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IN RE: CLEMMIE LEON PORTER, III, APPLYING FOR THE ADOPTION OF L.R.C.
Kaitlyn Porter (“Kaitlyn”), the biological mother of the minor child, “LRP” (formerly “LRC” and “LRJ”), and Clemmie Porter (“Clemmie”), the former stepfather and now adoptive father of LRP (collectively, the “Porters”), appeal from a judgment denying the Porters’ motion seeking to have La. Ch. C. arts. 1264 and 1267 regarding grandparent visitation rights declared unconstitutional.
For the following reasons, we VACATE AND REMAND.
FACTS AND PROCEDURAL HISTORY
Kaitlyn and Cameron Scott Jessup (“Cameron”), the biological father of LRP, were never married. Kaitlyn and Clemmie were married on November 11, 2017. Kaitlyn was granted sole custody of LRP by judgment dated June 21, 2018, when LRP was approximately four years old. The judgment did not allow any visitation by Cameron; however, Cameron's mother, Stacey Martin (formerly “Stacey Jessup”) (“Stacey”), was granted two hours per month supervised visitation.
The Porters filed a petition for intrafamily adoption on June 6, 2019. Cameron was incarcerated at the time of trial, but contested the adoption. The adoption trial was held on November 17, 2021. The court ultimately granted the intrafamily adoption, declaring Clemmie to be LRP's legal father. The final adoption decree was initially signed on January 20, 2022, although an amended final decree was issued on February 17, 2022, to correct the rendering date. Neither adoption decree was appealed.
Stacey filed a motion to intervene in the adoption proceeding just prior to trial, on October 26, 2021, seeking visitation with LRP pursuant to La. Ch. C. art. 1264 in the event the adoption was granted. Following the granting of the adoption, Stacey filed a motion on July 28, 2022, to set her request for visitation for trial. The Porters then filed a motion to declare La. Ch. C. arts. 1264 and 1267 unconstitutional on September 14, 2022, which Stacey opposed.
The trial court ordered the parties to file memorandums in support of their positions on the constitutionality of the referenced statutes, and the matter was submitted on briefs. On May 16, 2023, the trial court issued an opinion and judgment denying the Porters’ motion, finding La. Ch. C. arts. 1264 and 1267 to be constitutional because the Porters had failed to meet their burden of proof for establishing unconstitutionality. An order was entered on May 30, 2023, designating the May 16, 2023, decree a final judgment for appeal. The Porters filed this appeal on June 7, 2023.
La. Ch. C. art. 1264, Post-Adoption Visitation Rights of Grandparents, provides as follows:
Notwithstanding any provision of law to the contrary, the natural parents of a party who has forfeited the right to object to the adoption of his child pursuant to Article 1245 may have limited visitation rights to the minor child so adopted.
La. Ch. C. art. 1267 establishes the burden of proof for the grandparents’ visitation request under art. 1264:
The grandparents requesting limited visitation rights shall prove both of the following:
(1) That they have been unreasonably denied visitation rights.
(2) That such limited visitation rights would be in the best interests of the minor child.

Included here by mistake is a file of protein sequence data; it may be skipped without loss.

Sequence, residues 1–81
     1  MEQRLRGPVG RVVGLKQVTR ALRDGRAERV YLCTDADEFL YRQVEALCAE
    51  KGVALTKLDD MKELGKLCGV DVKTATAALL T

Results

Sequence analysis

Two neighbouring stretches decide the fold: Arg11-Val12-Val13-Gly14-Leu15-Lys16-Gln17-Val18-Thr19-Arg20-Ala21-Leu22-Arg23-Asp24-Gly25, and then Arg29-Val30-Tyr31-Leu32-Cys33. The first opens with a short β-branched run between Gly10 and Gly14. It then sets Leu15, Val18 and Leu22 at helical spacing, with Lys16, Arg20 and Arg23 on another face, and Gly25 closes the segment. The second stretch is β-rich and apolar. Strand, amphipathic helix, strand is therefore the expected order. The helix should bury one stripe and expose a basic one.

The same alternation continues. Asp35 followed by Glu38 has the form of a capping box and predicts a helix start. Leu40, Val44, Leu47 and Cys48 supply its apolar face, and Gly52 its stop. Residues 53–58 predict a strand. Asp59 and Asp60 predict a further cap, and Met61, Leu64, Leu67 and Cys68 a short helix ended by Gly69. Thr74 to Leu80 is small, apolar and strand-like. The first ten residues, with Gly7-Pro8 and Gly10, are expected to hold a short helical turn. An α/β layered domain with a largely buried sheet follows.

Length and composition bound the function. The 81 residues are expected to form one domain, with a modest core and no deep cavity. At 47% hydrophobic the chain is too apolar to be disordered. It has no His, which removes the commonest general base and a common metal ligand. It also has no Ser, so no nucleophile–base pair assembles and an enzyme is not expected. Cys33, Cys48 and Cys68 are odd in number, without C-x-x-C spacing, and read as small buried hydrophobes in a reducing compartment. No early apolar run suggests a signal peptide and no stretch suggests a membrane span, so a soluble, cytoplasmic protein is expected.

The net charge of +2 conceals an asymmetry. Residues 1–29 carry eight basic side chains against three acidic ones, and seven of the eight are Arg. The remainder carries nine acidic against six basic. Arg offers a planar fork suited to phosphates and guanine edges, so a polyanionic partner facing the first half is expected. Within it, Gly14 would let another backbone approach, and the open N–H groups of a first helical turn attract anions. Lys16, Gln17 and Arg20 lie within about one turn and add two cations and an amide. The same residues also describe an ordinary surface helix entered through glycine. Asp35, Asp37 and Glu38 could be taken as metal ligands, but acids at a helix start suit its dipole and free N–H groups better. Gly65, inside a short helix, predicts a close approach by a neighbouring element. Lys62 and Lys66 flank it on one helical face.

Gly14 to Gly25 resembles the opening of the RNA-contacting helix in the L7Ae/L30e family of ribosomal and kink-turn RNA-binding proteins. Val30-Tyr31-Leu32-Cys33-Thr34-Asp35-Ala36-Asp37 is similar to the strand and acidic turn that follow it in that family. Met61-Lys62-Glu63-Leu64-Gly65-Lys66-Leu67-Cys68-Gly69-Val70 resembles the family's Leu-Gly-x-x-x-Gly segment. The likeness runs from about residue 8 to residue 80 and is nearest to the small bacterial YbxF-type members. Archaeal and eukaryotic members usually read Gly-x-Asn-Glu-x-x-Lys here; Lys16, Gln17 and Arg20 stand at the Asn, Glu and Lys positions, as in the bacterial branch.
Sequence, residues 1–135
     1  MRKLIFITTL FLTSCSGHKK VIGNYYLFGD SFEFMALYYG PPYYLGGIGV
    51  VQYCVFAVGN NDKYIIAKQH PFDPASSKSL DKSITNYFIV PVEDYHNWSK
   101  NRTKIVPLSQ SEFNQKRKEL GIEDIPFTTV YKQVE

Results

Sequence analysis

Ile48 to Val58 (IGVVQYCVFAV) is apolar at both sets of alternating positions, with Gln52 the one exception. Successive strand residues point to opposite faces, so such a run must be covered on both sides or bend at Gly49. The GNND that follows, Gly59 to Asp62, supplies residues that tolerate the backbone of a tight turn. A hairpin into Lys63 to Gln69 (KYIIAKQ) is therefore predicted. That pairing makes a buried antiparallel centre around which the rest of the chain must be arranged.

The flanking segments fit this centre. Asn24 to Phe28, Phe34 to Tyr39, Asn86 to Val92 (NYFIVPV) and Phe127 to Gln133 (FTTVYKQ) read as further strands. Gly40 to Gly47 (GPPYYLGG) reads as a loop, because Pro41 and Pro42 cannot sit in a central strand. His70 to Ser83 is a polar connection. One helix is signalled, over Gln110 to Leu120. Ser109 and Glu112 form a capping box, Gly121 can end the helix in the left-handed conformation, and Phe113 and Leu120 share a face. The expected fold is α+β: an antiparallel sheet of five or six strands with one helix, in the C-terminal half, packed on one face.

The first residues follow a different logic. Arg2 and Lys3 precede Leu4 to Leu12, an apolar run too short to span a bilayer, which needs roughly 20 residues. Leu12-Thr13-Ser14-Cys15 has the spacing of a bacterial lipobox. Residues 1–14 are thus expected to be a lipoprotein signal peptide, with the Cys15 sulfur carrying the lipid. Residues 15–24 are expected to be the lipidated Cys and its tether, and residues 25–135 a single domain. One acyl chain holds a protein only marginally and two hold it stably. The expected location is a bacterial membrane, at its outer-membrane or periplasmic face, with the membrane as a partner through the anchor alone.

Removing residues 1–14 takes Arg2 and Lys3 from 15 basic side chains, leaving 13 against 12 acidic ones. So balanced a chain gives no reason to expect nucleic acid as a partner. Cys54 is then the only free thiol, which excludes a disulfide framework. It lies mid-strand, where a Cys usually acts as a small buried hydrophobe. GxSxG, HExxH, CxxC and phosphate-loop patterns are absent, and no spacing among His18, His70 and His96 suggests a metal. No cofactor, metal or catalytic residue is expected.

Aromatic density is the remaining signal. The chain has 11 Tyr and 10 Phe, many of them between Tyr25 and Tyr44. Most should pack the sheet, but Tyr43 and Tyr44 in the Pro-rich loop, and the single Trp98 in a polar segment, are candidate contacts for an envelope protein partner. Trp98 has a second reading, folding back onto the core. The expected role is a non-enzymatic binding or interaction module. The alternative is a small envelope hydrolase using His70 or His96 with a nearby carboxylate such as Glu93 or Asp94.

The trial court allowed the parties to submit briefs on the constitutionality of La. Ch. C. arts. 1264 and 1267. On May 16, 2023, the court issued an opinion and judgment finding the statutes to be constitutional, stating the Porters had failed to meet their burden of proof for establishing unconstitutionality. In its opinion, the court reasoned that “in both [articles], the grandparent can petition for visitation, the adoptive parents can provide a response objecting to visitation by the grandparent, and the trial court can weigh all the factors to come to a conclusion that is in the best interest of the child.” To date, there has been no determination regarding the granting of grandparent visitation rights to Stacey, due to the Porters’ pending appeal of the trial court's judgment regarding the constitutionality of the referenced statutes.
As a general rule, legislative instruments are presumed to be constitutional; therefore, the party challenging the validity of a legislative instrument has the burden of proving its unconstitutionality. Louisiana Federation of Teachers v. State, 13-0120 (La. 5/7/13), 118 So. 3d 1033; State v. Citizen, 04-1841 (La. 4/1/05), 898 So. 2d 325. Because the provisions of the Louisiana Constitution are not grants of power, but instead are limitations on the otherwise plenary power of the people of the state, exercised through the legislature, the legislature may enact any legislation that the constitution does not prohibit. Louisiana Municipal Association v. State, 04-0227 (La. 1/19/05), 893 So. 2d 809; Polk v. Edwards, 626 So. 2d 1128 (La. 1993). Nevertheless, the Porters argue that La. Ch. C. arts. 1264 and 1267 regarding grandparents’ visitation rights are prohibited by the constitution.
The Porters argue that La. Ch. C. arts. 1264 and 1267 are unconstitutional as applied in this case because parents have a fundamental right to parent their children without government intrusion, including the right to decide who the children visit during the child's minority. They rely on the U.S. Supreme Court's holding in Troxel v. Granville, 530 U.S. 57, 120 S. Ct. 2054, 147 L. Ed. 2d 49 (2000), that parents have a fundamental constitutional right to make decisions concerning the care, custody and control of their children and to determine the child's best interests. Stanley v. Illinois, 405 U.S. 645, 92 S. Ct. 1208, 31 L. Ed. 2d 551 (1972); Wisconsin v. Yoder, 406 U.S. 205, 92 S. Ct. 1526, 32 L. Ed. 2d 15 (1972); Quilloin v. Walcott, 434 U.S. 246, 98 S. Ct. 549, 54 L. Ed. 2d 511 (1978); Wood v. Beard, 290 So. 2d 675 (La. 1974). The Troxel court called the special interest of a parent to decide their child's best interest, “one of the oldest of the fundamental liberty interests protected by the Due Process Clause of the Fourteenth Amendment.” Troxel, supra; Cook v. Sullivan, 20-1471 (La. 9/30/21), 330 So. 3d 152. This finding led the Supreme Court to hold:
․ so long as a parent adequately cares for his or her children (i.e. is fit), there will normally be no reason for the State to inject itself into the private realm of the family to further question the ability that parent to make the best decisions concerning the rearing of that parent's children. Troxel, at 530 U.S. 68, 120 S. Ct. 2054.